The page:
Travels With My Sketchbook by Michael Foreman
|Travels With My Sketchbook by Michael Foreman|
|Reviewer: John Lloyd|
|Summary: A very pretty, but effectively slender, portfolio of travel pictures.|
|Buy? Yes||Borrow? Yes|
|Pages: 96||Date: April 2017|
|Publisher: Templar Publishing|
I guess the best children's literature can do away with complete veracity, as long as it has something about it that is recognisable – a little of the spirit, heart and character of the real thing, whatever it may be. And if that's the case then it definitely applies to children's literature illustrations, such as those provided close on two hundred times by Michael Foreman. This prolific artist leapt at a scholarship in the US when he'd completed his official, formal studies, and it would appear – huge credits list regardless – that he's never stopped moving since, as this book takes us to all corners of the world, and back home again.
Despite his name being forever linked with junior fiction, this is not exclusively a book for the young by any means. It's deemed, by the back cover blurb, to be his illustrated memoirs, and that's also only part of the truth (he has produced fuller autobiographical volumes before now). This is an art book pure and simple, really, but certainly no vanity project, or curtain call from an almost octogenarian. We get two styles of writing, and it took me a few too many pages to work out the italics seem to be quotes from the original sketchbooks and notebooks, while the modern, plain font is for the new writing. Memoir? There's only about 2000 words of the new stuff. And, while we start with his first published work, little in the way of chronology.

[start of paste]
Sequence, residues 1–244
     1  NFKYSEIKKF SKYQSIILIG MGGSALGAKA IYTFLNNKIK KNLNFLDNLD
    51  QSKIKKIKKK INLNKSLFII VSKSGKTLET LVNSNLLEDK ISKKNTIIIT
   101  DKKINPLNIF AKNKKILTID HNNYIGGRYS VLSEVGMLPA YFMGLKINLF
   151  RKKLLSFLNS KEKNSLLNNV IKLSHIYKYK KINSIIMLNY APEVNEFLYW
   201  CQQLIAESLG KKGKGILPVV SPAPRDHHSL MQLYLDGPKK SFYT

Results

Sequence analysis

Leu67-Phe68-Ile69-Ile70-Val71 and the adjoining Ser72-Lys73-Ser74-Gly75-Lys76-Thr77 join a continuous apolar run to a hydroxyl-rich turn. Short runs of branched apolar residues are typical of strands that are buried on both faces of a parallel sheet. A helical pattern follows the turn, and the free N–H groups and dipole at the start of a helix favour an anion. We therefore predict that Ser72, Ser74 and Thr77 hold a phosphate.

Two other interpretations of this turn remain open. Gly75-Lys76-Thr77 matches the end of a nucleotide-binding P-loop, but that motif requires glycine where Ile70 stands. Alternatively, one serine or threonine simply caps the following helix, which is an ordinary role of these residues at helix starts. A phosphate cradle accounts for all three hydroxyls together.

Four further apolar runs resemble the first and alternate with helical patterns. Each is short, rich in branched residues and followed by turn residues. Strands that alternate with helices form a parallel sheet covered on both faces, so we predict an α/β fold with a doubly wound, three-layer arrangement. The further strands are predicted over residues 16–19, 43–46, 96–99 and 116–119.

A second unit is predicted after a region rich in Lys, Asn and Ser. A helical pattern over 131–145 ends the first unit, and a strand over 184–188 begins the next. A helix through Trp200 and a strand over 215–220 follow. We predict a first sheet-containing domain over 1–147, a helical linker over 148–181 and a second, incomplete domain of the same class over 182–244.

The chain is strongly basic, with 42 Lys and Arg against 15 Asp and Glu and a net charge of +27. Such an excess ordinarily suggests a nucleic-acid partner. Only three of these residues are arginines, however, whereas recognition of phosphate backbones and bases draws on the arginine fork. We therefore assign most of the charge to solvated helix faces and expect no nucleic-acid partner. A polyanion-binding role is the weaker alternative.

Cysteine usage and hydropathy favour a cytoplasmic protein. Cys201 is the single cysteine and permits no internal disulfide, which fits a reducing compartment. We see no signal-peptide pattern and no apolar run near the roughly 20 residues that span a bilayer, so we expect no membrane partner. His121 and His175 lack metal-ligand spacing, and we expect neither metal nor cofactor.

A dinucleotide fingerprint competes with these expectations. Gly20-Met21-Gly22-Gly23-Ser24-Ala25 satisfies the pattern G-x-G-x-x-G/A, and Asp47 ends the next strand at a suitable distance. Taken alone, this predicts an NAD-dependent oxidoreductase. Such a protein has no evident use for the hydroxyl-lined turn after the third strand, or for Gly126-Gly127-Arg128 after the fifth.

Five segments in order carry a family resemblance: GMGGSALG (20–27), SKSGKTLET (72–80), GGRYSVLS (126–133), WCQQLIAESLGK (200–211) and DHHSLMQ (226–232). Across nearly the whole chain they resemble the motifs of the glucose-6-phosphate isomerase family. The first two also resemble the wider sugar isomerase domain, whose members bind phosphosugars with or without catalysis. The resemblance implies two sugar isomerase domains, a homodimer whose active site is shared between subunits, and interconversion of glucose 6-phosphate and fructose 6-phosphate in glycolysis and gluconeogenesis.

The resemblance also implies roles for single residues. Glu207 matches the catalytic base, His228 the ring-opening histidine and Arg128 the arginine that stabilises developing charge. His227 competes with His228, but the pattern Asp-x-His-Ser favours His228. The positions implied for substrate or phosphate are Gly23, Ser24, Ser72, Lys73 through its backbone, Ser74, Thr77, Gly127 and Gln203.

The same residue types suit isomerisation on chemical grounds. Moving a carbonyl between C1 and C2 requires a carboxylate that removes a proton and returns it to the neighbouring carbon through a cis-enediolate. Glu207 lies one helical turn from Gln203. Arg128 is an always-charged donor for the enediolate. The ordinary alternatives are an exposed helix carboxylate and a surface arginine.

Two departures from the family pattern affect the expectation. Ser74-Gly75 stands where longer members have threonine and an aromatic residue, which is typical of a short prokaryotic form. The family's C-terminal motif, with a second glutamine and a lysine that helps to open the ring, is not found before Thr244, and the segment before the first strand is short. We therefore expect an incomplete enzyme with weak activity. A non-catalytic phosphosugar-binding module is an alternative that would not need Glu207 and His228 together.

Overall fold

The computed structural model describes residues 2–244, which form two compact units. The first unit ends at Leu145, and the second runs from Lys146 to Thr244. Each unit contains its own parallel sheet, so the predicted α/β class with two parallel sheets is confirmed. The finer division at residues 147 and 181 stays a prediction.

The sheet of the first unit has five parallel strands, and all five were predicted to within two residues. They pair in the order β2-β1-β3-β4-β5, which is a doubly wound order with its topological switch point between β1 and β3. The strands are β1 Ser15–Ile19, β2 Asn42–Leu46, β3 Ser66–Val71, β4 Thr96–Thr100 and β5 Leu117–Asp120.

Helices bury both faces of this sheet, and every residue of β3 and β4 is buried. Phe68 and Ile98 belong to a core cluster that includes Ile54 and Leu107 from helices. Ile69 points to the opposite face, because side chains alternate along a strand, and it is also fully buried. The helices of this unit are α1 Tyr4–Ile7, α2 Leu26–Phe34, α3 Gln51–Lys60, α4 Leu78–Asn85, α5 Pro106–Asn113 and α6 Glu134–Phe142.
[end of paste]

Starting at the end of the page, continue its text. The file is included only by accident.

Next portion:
So we turn to the pictures, and they're wonderful. The format is just the right size to handle – we're certainly not in coffee-table volume here – and also to deal with the images with due respect. I loved the panorama of the Trans-Siberian Express route, which takes three full spreads to cover, varying from Paul Hogarth inkwork to pointillist colour. But I defy anyone to not fall in love with the watercolours elsewhere – especially the cover image, of a snow-clad Monument Valley, or the almost stippled sunsets in Egypt.
Snow-clad Monument Valley, you say? Yes, this man has travelled and been lucky with it – even seeing artists collaborating with fish. What effect will the enormous growth of tourism have on Bali? Hopefully less than the effect Bali has on the tourists is a quote from the books, and the story here is that Foreman clearly got to a lot of these places before they were wrecked by modernity. Beijing (or Peking as it was then) was a very low-rise city indeed. From Mexico to the Himalayas and all points in between, he's been there. In Japan, notably, he tried to present new versions of Hokusai's scenes of Mt Fuji, only to find they had never been verbatim presentations of the reality – proving my thoughts about getting the essence right to be a long-standing truth.
And the key word here is essence. This is wonderful art, at times, really getting to grips in simple line with characterful faces, but not all concerned with the immediacy some people assume is required of illustrating for the very young. But the book is also a little on the slight side, meaning you get just the essence of the creator, and his output. As far as it goes, however – ironic when you see how far he has gone – it's really quite lovely.
I must thank the publishers for my review copy.
If you aspire to the same, pack Practical Landscape Painting: Materials, Techniques & Projects by David Hollis.
You can read more book reviews or buy Travels With My Sketchbook by Michael Foreman at Amazon.co.uk.
You can read more book reviews or buy Travels With My Sketchbook by Michael Foreman at Amazon.com.
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